Pierret notes that the white turban in Syria was a symbol of religious knowledge, and is worn by religious scholars even today. Pierret, Religion and State in Syria, 9 – 10, 41.
 al-Mufid, Kitab al-Irshad, 296.
 Bosworth, “Sayyid,” Encyclopedia of Islam, 9:115. See also Muhammad b. ‘Ali b. al-Husayn al-Saduq, Risala al-I’tiqadat (A Shi’ite Creed), trans. A. Fyzee (Oxford: 1942), 108-9.
 Bernheimer, The ‘Alids, 17.
 Bosworth, “Sayyid,” Encyclopedia of Islam, 9/115. See also Liyakat Takim,
 Ruya Kilic, “The Reflection of Islamic Tradition on Ottoman Social Structure: The Sayyids and Sharifs” in Morimoto Kazuo ed., Sayyids and Sharifs in Muslim Societies: The Living Links to the Prophet (Routledge: New York, 2012), 123.
 Ibid., 132-133.
 Mercedes Garcia-Arenal, “Shurafa in the Last Years of al-Andalus and in the Morisco Period: Laylat al-Mawlid and Genealogies of the Prophet Muhammad,” in Morimoto Kazuo ed., Sayyids and Sharifs, 162.
 Valerie Hoffman, “The Role of the Masharifu on the Swahili Coast in the Nineteenth and Twentieth Centuries” in Morimoto Kazuo ed., Sayyids and Sharifs, 191.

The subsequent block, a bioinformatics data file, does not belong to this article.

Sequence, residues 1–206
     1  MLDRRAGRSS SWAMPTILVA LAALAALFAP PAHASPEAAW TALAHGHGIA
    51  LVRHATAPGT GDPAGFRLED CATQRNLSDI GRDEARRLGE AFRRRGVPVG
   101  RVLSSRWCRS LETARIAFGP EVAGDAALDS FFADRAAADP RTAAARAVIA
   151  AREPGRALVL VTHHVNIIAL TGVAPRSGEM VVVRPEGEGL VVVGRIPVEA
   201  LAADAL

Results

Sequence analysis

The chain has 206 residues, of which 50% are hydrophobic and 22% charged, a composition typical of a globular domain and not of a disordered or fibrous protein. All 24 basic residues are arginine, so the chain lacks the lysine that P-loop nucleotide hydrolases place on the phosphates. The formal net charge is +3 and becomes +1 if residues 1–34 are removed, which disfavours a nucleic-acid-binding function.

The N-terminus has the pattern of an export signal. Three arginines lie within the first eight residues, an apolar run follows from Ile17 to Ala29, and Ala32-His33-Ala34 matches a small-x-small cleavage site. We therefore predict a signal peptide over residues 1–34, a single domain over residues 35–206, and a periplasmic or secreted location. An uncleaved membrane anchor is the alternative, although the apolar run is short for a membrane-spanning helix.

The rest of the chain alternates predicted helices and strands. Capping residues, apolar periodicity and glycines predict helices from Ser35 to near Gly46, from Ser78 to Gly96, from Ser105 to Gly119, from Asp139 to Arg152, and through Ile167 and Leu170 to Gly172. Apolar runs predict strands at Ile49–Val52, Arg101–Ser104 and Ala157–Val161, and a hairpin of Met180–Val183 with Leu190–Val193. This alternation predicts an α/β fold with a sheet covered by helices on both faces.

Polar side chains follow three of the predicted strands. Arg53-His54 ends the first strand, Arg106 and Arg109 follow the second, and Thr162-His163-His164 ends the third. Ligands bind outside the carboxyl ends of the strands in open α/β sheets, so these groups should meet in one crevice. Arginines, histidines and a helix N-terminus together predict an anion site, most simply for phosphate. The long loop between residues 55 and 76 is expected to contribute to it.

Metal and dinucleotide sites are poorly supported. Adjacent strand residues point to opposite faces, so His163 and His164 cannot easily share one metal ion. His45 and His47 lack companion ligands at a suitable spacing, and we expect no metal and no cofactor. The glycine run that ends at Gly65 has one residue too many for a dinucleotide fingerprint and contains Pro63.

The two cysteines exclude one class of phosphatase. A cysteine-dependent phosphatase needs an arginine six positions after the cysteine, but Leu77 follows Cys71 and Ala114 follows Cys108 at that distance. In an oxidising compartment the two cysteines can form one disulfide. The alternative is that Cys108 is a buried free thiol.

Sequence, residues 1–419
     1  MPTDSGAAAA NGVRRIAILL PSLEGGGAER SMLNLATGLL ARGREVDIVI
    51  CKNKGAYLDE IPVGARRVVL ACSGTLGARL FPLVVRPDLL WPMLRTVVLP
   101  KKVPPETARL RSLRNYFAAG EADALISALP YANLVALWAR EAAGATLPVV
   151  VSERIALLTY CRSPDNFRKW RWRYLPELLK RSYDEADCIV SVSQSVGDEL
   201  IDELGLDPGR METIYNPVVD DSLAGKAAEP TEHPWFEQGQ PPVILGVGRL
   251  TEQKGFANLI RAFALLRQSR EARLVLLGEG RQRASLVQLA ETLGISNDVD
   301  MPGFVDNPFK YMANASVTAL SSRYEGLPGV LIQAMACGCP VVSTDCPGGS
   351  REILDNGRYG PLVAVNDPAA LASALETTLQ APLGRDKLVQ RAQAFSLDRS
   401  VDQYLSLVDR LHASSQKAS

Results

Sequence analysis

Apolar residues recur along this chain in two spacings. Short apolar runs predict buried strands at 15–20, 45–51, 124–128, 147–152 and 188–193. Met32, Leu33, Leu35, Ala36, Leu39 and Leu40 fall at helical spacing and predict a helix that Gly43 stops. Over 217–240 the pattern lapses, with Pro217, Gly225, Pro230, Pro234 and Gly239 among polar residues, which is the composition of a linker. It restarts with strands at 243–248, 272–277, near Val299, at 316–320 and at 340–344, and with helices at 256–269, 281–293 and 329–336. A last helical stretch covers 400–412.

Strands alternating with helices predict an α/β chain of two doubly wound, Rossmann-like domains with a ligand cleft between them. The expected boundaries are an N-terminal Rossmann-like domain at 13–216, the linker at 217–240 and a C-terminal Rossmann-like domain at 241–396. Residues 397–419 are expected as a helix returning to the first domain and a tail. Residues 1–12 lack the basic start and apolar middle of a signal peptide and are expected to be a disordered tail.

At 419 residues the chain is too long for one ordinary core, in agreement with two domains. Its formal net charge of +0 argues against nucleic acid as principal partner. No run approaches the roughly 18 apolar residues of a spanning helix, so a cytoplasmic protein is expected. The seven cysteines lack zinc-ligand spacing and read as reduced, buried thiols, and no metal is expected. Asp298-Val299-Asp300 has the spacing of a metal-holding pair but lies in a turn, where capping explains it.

Arthur Buehler, “Trends of Ashrafization in India” in Morimoto Kazuo ed., Sayyids and Sharifs, 235.
 See Morimoto Kazuo, “How to Behave towards Sayyids and Sharifs: a TransSectarian Tradition of Dream Accounts, in Morimoto Kazuo ed., Sayyids and Sharifs, 22-25. Other stories talk of the inviolability of Sayyids, ibid.
 Abu al-Qasim al-Khu’i, Minhaj al-Salihin, 9th edition, 1:371.
 Bernheimer, The ‘Alids, Ibid., 24 – 6.
 Ibid., 26 – 8.
 Arthur Buehler, “Trends of Ashrafization in India” in Morimoto Kazuo ed., Sayyids and Sharifs, 235.
 Teresa Bernheimer, Genealogy, Marriage, and the Drawing of Boundaries among the ‘Alids (Eighth-Twelfth Centuries), in Morimoto Kazuo ed., Sayyids and Sharifs,83-85.